The crowd had thinned considerably when it started to drizzle. People panicked for cover, and Trowa did a good job of dodging every rushing form that would come their way. He kept his big hand wrapped around Dorothy's wrist as he darted his head from side to side in search of a roof. Dorothy winced at his viselike hold and thought of suggesting about going back to the tents, but Trowa had already jostled her in a phone booth before she could even open her mouth.

After some grunting, panting, and whining about how unpredictable the weather was, silence wrapped them completely. They couldn't even hear the softest murmur of the sprinkle blurring the glass of their small refuge.

"Are you happy?"

Dorothy raised a questioning brow. He looked almost funny with the water-darkened bangs plastered to his brow but for some reason, Dorothy couldn't pull the laughter out of her throat. Maybe it was the question…or maybe it was because of the eerie, fuzzy light that danced in the green gems of his eyes…

"I don't know," Dorothy whispered when he repeated the question.

"Are you contented?"

"I don't know," she croaked, wishing that she could melt onto the telephone set when he pressed his wet build against her. Blood boiled madly beneath the skin of her cheeks; her knees were suddenly feeling a tad weak and the uncontrollable earthquake in her chest was threatening to punch her out. He easily dwarfed her by five inches, his chin touching her forehead. She swallowed. He still smelled of sweat and rain and she didn't find it unpleasant at all. In fact, it stirred something in her, something tingling, something…

Not able to fight it any longer, she lunged forward and leeched onto his lips for dear life. It was almost like his mouth magnetized the symbolic steel she clothed over her lips. Closing her eyes, she focused on their heated activity, unconsciously snaking her arms around his neck. He was tastier than the concentrated sugar of the last confection they had, but never too sweet to the point it was nauseating. She hoped she tasted the same for him.

"Happiness also has many facets," he breathed huskily as he left her lips to nibble her earlobe, "and I'm going to show you one version of it."

Outside, the rain was slowly growing into a large storm. Coal-dark clouds splayed the sky's skirt open, spread it wider and wider, and they pushed in and readied themselves to unload their heavy rainwater onto the earth below. The progress was slow; drizzle still sluiced down with sensuous gentleness, as if the grounds would break if they pound too hard. The slick tongues of wind dueled mindlessly with the erotic sighs of thunders from a distance; the rain stroked and glided in secret alleyways, sucked on the healthy knolls behind the busy streets of the city, kissed down the whole structure of the tallest skyscraper, licked off the last light of the day away. As if the first bite of the darkness was a signal, the wanton teasing of the soft rain began to pick up speed. A more gratifying, savage tempo was established, pressured caresses squeezing the clouds for more rain to plunge harder and faster and deeper into the soil, and it was breath-taking and merciless and rapturous and unexplainably ecstatic until an earsplitting crash of thunder was heard, ending it all.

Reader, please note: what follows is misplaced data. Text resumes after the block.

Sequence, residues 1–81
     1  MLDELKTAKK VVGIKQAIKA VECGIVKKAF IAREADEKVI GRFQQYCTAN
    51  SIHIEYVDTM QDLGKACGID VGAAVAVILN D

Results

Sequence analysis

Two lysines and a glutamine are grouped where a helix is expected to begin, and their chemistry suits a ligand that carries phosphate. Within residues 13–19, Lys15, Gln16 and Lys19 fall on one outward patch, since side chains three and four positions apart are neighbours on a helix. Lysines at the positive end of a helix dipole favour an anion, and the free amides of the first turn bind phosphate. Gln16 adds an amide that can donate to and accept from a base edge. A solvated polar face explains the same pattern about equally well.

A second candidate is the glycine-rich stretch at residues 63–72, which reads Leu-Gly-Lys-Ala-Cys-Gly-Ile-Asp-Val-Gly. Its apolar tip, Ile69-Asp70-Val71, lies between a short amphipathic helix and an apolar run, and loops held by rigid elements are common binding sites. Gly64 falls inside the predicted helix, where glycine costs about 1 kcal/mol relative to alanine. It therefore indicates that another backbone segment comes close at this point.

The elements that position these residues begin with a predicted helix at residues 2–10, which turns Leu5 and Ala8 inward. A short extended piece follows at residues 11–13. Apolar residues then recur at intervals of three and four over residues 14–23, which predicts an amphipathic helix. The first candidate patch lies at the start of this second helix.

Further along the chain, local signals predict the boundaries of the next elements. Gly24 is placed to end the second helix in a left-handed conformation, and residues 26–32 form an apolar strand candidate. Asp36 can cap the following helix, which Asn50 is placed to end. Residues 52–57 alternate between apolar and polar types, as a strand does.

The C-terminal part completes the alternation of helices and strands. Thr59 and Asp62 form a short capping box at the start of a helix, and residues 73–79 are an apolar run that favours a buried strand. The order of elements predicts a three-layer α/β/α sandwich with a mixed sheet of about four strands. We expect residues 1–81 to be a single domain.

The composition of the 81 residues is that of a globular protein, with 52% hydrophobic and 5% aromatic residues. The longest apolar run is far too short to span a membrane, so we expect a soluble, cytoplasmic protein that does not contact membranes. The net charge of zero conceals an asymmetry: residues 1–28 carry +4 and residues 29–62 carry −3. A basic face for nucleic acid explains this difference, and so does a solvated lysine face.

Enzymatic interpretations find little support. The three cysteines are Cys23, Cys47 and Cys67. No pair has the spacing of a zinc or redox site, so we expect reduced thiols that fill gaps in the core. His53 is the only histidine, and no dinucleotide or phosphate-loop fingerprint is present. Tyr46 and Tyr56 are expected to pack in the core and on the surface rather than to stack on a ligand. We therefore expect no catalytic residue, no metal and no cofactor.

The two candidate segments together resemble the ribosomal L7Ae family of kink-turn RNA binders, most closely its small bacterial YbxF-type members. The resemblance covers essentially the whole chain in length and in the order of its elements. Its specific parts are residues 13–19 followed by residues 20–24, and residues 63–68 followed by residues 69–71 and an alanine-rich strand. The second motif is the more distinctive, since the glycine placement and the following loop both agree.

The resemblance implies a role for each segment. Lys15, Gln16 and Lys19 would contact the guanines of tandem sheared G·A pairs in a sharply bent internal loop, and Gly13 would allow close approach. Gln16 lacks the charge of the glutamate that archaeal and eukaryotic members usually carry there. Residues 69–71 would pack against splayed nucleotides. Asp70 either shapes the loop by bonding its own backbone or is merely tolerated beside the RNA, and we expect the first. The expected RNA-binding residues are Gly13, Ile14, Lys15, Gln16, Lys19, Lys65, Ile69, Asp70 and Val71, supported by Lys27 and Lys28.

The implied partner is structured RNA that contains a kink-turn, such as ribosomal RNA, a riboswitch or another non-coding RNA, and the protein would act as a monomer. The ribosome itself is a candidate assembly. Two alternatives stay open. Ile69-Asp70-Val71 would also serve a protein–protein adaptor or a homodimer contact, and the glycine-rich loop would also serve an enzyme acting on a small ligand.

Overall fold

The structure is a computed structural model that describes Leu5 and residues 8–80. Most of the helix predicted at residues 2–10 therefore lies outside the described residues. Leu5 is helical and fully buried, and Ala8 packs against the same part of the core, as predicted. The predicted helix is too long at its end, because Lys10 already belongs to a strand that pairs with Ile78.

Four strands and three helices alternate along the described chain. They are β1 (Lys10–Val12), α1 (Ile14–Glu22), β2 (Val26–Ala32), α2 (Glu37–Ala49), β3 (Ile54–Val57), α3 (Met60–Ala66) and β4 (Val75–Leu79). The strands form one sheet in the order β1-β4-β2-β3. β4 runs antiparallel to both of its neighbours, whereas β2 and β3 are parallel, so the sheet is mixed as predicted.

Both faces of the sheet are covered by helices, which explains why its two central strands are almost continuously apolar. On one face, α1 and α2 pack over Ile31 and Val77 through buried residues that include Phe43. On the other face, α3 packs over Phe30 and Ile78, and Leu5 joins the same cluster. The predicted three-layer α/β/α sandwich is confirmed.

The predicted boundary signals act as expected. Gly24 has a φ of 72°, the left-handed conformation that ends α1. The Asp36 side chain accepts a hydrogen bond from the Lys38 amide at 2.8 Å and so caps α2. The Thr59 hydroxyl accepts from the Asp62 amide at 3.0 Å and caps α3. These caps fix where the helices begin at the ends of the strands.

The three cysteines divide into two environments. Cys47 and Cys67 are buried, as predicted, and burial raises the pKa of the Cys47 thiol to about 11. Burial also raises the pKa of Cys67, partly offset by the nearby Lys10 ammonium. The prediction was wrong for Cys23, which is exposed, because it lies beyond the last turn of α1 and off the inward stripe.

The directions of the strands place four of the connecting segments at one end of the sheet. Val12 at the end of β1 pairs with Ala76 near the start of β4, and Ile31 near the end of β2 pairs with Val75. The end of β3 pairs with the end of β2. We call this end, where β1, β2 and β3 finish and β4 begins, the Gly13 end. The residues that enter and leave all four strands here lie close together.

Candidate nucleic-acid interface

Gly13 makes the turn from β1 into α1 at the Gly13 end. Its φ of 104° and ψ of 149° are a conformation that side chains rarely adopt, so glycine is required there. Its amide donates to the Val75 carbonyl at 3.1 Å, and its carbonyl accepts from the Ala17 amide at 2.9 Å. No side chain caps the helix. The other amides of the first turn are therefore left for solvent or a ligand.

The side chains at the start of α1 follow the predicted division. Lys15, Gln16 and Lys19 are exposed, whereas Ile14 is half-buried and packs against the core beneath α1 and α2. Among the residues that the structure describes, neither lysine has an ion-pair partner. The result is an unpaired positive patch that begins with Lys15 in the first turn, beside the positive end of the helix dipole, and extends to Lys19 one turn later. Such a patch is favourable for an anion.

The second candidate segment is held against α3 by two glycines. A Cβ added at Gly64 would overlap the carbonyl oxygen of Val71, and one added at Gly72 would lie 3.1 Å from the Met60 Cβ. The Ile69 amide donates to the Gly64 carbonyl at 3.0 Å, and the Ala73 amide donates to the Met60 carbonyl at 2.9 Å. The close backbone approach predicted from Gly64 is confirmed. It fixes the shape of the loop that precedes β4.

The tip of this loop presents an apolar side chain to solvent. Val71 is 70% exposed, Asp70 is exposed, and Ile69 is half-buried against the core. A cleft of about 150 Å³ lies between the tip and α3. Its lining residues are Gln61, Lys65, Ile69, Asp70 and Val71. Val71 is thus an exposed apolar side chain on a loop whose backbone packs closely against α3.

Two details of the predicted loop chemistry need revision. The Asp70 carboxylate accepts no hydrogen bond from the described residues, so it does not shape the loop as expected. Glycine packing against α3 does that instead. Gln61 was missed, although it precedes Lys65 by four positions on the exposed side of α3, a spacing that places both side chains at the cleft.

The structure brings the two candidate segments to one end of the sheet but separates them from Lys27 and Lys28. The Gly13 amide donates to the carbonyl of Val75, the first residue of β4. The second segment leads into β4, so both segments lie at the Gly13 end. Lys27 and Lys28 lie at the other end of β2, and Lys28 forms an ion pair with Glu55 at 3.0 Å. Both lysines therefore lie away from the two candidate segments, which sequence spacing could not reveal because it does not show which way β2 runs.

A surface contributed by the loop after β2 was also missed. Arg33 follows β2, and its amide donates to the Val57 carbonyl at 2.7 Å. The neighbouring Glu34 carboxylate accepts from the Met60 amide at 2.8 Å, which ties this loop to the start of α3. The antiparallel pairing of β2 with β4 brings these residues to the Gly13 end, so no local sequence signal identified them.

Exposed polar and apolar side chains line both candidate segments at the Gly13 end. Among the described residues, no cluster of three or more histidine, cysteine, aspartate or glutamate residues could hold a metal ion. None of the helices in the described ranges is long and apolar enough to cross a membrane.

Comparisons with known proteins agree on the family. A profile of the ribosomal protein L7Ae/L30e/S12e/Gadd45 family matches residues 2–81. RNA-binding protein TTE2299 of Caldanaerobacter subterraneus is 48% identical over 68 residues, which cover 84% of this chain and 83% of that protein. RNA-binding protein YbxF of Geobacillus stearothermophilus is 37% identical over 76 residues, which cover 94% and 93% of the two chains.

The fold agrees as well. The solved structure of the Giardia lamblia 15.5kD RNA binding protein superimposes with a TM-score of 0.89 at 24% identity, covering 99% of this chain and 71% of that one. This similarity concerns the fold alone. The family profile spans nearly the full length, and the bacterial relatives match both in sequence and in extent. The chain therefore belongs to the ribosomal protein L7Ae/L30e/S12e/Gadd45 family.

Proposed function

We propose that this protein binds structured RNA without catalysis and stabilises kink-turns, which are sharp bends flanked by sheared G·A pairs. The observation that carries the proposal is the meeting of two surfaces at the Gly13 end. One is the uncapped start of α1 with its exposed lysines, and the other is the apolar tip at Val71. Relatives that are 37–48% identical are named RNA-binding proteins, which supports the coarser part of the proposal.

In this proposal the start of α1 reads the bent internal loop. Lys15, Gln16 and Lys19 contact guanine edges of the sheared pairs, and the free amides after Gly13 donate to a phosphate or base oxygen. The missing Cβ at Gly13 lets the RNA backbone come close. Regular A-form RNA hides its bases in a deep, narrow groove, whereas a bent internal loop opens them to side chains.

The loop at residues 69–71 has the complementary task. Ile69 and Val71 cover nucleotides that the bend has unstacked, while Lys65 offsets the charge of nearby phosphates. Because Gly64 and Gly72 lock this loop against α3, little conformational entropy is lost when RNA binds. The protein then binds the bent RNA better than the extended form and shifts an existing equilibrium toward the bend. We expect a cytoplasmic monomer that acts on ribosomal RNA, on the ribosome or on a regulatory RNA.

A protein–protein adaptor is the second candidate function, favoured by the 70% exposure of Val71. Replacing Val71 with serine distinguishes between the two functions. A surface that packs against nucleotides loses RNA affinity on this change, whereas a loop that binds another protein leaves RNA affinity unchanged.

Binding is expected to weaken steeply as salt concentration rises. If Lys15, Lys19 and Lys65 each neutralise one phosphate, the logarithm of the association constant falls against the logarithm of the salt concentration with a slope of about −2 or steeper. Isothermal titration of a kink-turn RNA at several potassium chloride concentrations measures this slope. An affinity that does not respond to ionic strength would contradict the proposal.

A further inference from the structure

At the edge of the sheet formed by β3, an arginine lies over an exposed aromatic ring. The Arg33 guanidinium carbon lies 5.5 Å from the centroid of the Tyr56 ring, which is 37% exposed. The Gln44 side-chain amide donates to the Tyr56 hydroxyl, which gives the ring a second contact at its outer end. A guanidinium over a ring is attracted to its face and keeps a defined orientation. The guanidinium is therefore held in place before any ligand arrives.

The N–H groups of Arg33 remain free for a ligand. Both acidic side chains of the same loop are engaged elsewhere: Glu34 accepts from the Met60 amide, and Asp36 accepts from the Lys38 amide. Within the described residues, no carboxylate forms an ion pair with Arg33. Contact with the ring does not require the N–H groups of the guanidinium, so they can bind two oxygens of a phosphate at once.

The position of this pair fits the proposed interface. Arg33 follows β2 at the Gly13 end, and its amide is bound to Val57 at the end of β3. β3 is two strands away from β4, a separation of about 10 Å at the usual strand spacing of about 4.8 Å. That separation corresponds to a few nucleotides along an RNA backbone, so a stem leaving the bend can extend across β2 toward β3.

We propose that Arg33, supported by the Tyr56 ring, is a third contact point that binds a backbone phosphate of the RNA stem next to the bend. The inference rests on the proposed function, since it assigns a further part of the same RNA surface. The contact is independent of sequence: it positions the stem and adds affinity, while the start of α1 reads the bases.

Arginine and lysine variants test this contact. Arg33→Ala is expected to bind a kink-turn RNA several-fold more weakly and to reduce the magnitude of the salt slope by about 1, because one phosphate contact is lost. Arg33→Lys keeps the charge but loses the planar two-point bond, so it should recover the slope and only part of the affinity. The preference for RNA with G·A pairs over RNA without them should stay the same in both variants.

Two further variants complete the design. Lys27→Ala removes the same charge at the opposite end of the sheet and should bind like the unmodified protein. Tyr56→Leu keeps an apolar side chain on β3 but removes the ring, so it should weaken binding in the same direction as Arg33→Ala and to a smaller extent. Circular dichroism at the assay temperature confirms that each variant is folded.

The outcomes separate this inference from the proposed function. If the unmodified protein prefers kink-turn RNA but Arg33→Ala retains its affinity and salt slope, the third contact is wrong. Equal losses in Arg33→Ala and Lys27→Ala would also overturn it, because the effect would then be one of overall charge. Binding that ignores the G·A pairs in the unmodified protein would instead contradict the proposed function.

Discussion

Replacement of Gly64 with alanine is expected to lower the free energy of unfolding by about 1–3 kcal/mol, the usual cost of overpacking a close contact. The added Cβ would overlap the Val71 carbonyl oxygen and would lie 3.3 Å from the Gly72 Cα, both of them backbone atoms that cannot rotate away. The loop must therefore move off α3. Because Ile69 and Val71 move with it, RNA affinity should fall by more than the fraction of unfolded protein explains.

Satisfied, Trowa disentangled himself from her and crushed another kiss to her swollen mouth.

And he left.

No I-love-you's, no goodbye's or see-you-later's. Why would he say such things, anyway? Did she expect him to? They ranked lower than acquaintances in their relationship brackets; she just came to him to understand her life, and for the first time she did. He taught her that the greatest happiness was transitory, that her perception of reality was wrong from all the angles. He, a stranger, made her see what Dorothy Catalonia looks like inside out.

She heard somewhere before that a circus is a place where ponies, elephants, and lions are permitted to see humans acting like fools. She had laughed at it but it was true, as she had seen the circus of her life in the kaleidoscopic swirl of facades and fleeting dreams. Sometimes it was tiring to make a fool of herself in front of those drooling animals, but what could she do?

She lapped the salty water that rushed down her cheeks and pooled at her closed lips. She brushed her face to her wrists and leaned against the telephone for support, her system still humming with the buzz of her latest activity. It was dark outside, the uncomfortable hush after a storm seeping inside the booth. She let some more minutes pass before she made out her mind and stepped out of the box.

"Finally," a voice stopped her in mid-stride. "I see that you need a lot of time to…recuperate. I thought you fell asleep standing."


"I thought you're the one who's actually sleepwalking," she retorted hotly, "and finally woke up when you think your wet dream is over."

He snickered, "So we're back to discussing dreams?"

She rolled her eyes in response, and whatever her rejoinder would have been, it was left forgotten when he dragged her back inside the booth. Maybe, she thought, a life akin to a circus wasn't that bad at all.

Outside, it began raining again.


Trompe-L'oeil- French word for 'trick the eye'